Although Steinbeck throws in the sorrows of the real world such as when Doc finds a dead girl on the beach, more than one person commits suicide and a harmless mentally challenged boy is sent to an institution this novel takes the form of a happy one. Steinbeck uses his common theme that good can beat evil. His book implies that good-heartedness can create utopia anywhere on Earth, whether it be on the run down Cannery Row or not.

    Steinbeck’s novels often deal with incorrect stereotypes. The characters in his books are not always as they seem on the outside. For example in “Cannery Row” a grocer who seems tough on the outside actually keeps the street running because of his generosity towards his customers. A low-life man who can’t hold down a job gently is able to nurse puppies back to health and a successful doctor who is surrounded by friends is actually extremely lonely. This is a common theme throughout the book.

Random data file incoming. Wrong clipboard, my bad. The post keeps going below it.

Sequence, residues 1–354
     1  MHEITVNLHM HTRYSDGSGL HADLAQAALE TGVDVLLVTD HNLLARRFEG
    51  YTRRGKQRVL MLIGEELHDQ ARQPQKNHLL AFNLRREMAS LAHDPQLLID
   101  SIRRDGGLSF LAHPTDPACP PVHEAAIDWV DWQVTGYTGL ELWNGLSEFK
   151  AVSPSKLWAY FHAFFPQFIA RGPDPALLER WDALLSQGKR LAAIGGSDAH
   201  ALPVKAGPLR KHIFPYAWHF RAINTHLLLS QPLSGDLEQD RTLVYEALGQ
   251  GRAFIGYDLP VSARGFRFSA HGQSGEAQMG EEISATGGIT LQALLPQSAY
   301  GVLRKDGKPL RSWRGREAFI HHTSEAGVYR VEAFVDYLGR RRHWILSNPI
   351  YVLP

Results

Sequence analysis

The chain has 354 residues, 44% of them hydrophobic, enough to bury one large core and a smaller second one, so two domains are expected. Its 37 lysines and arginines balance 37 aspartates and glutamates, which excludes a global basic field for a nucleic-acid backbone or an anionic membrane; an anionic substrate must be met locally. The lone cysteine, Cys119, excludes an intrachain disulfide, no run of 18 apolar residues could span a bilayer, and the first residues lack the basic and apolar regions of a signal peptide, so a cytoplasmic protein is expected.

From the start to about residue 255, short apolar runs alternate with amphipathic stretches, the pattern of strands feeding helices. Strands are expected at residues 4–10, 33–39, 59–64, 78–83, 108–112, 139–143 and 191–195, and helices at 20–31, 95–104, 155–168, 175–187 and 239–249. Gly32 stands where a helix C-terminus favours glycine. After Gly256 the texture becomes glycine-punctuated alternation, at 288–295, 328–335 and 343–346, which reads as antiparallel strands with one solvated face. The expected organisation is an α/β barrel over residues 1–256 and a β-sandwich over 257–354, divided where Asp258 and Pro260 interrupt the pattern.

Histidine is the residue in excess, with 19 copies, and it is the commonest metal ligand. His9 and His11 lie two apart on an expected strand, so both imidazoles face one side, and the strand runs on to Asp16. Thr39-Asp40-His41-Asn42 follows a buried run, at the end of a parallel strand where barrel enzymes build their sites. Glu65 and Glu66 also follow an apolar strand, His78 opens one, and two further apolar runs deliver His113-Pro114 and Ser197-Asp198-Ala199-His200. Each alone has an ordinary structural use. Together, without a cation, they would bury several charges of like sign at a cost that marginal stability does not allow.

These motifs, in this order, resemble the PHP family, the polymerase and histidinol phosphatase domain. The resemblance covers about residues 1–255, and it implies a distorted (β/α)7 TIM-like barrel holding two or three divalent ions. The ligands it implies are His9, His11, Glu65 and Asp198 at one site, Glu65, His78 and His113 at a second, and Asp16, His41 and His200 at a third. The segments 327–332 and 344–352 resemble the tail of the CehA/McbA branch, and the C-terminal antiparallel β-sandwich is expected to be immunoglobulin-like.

Though this can be called a fantasy novel it too has its touch of darkness. Instead of incorporating the hardship themes in real life in the plot line, Steinbeck makes separate chapters to rant. In chapter two Steinbeck goes off of the plot already, to write about his own opinions and speculations of our nation and our world. Steinbeck relies on these off-topic rants to get away from his closely followed plot filled with realistic descriptions of the old local town he knows to add in his anti-utopian thoughts. This allows the novel to end with an optimistic outlook despite his non-related chapters of darkness.

    Overall the typical Steinbeck writes another novel with the same themes and techniques. Although not as deep as his “Of Mice and Men” Steinbeck takes the same approach to shed some light on a local run down town soon after the Great Depression.

    1 out of 3 people found this review helpful.